The first GT3 vehicle - a Mercedes-AMG GT3 #25 - without a mechanical link between the steering unit and steering gearbox, equipped with the Space Drive steer-by-wire system, crossed the finish line in the history of the 49th ADAC Total 24 Hours Nürburgring. After a turbulent race and 56 laps, the technology carrier from Schaeffler Paravan Technologie GmbH und Co KG, driven by endurance specialists Philip Ellis, Darren Turner, Tim Scheerbarth and Dominik Farnbacher, crossed the finish line in 16th place overall and also won in its SPX class. The toughest race track in the world lived up to its reputation this weekend.
"It is a historic moment for our team. Today we wrote history for our Space Drive System and for development," said Roland Arnold, CEO of Schaeffler Paravan Technologie GmbH & Co. KG, who developed the system from mobility solutions for the disabled, after crossing the finish line. "For us, this was an important milestone. The Space Drive technology, has proven to be extremely robust under the most adverse conditions. We have received important information. We now need to use this information to make the technology fit for the car of the future."
On Saturday afternoon, the Mercedes-AMG GT3 with start number #25 started the race on the 25.378 kilometre long traditional track from position 32 in low clouds. The Space Drive Team played it safe and changed to rain tyres right at the beginning. After 30 minutes, the rain set in and became increasingly heavy - to the point of aquaplaning on some sections of the track. Starting driver Philip Ellis steered the #25 through the rain chaos unscathed and handed over to Briton Darren Turner in 33rd position after just under three hours. "I don't think I've driven a more difficult stint here on the Nordschleife," said Ellis afterwards. "There was a lot of aquaplaning out there, and yes accordingly extremely difficult conditions for everyone. The car feels good."
Darren Turner took over the cockpit after lap 15 in second place, again in the dry. "There was a lot of "Code60" on the track at that time. It was the first laps on slicks in this race. Each lap got faster and faster, an encouraging start," Darren Turner reported. Tim Scheerbarth then climbed into the Space Drive cockpit. His first outing was marked by rising fog on the Grand Prix track. "The fog kept coming down," reports Scheerbarth, who already piloted the Porsche Cayman 718 GT4 with Space Drive last year. "The steering was good. We now have to optimise the car further and set it up for the condi-tions we find here." On lap 31, Scheerbarth handed over the cockpit to Dominic Farnbacher in 26th place. The fog was getting thicker, especially around the Grand Prix circuit, Döttinger Höhe as well as the airport and Ahlenberg.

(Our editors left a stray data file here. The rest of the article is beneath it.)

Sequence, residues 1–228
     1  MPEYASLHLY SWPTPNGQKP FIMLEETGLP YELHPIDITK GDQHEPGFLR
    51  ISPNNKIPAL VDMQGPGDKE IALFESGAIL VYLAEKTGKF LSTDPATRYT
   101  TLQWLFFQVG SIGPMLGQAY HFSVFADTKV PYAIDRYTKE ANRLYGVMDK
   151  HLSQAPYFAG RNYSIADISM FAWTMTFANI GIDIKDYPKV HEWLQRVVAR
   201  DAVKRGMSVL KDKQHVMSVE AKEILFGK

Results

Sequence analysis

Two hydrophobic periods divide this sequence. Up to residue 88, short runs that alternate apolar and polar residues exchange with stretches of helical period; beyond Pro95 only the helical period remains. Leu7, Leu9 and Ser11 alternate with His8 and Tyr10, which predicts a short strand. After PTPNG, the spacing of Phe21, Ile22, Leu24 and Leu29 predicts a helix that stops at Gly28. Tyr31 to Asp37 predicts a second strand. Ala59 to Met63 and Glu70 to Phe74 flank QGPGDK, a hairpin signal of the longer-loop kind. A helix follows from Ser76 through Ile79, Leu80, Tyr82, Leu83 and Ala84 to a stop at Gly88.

Late in the evening, the race control pulled the emergency brake - race interruption. "At times it was impossible to see from one marshal to the other. It is a wise decision to stop the race for the time being. Safety first," said Farnbacher.
After the restart, the Space Drive Mercedes-AMG started the race from position 26 with Dominik Farnbacher. Darren Turner and Tim Scheerbarth brought the #25 across the finish line confidently and without incident after 56 laps. They finished 16th in a tough field of starters, placing in the top 20 and securing the class win in the SPX.
For Space Drive, the distance, the demanding and material-demanding course of the Nordschleife and, above all, the adverse conditions at the beginning of the race were a real challenge. But it is precisely these extreme situations that are important for the Schaeffler Paravan data engineers in order to be able to generate reliable information and identify advantages and potential for improvement.
"The bumps and the bumps on the Nordschleife, you hardly feel them with Space Drive," says Dominik Farnbacher. "You don't get the bumps in your wrist. It's a bit more responsive. You get more feedback from the car and perceive everything a little differently, not through the steering wheel," reports starting driver Philip Ellis. "We are even closer to the conventional steering and were able to extract a lot of information in these extreme conditions," says Tim Scheerbarth, who already sat in the Space Drive cockpit of the Porsche Cayman GT4 last year. "In racing, you drive at the limit for a long time, which helps Space Drive to develop further quickly, also with the help of the feedback from the drivers here," says Darren Turner. He says the benefits are particularly no-ticeable in the carousel. The physical strain is less, especially over the long distance.
"It was a great day for us as a team and for space drive technology," said Hubert Hügle, CTO of Schaeffler Paravan. "We did the job 100 per cent. The Space Drive system worked brilliantly. Moving the vehicles in aquaplaning-like conditions is very difficult. That was a very big challenge for the Space Drive technology. We gained a lot of knowledge that we have to process and evaluate."
Since 1970, the 24h race at the Nürburgring has been one of the toughest and most prestigious rac-es in the world, alongside the 24h Le Mans. The competition twice around the clock on the 25.378-kilometre variant of the Grand Prix circuit and Nordschleife was held from 3 to 6 June. 121 cars took on the challenges of the endurance classic. Since its inception, the 24-hour race has always put new prototypes of racing cars as well as innovative technologies to an incomparable endurance test. Since the opening of the Nürburgring in 1927, the saying has been true: "Everyone praises what Nürburgring tests."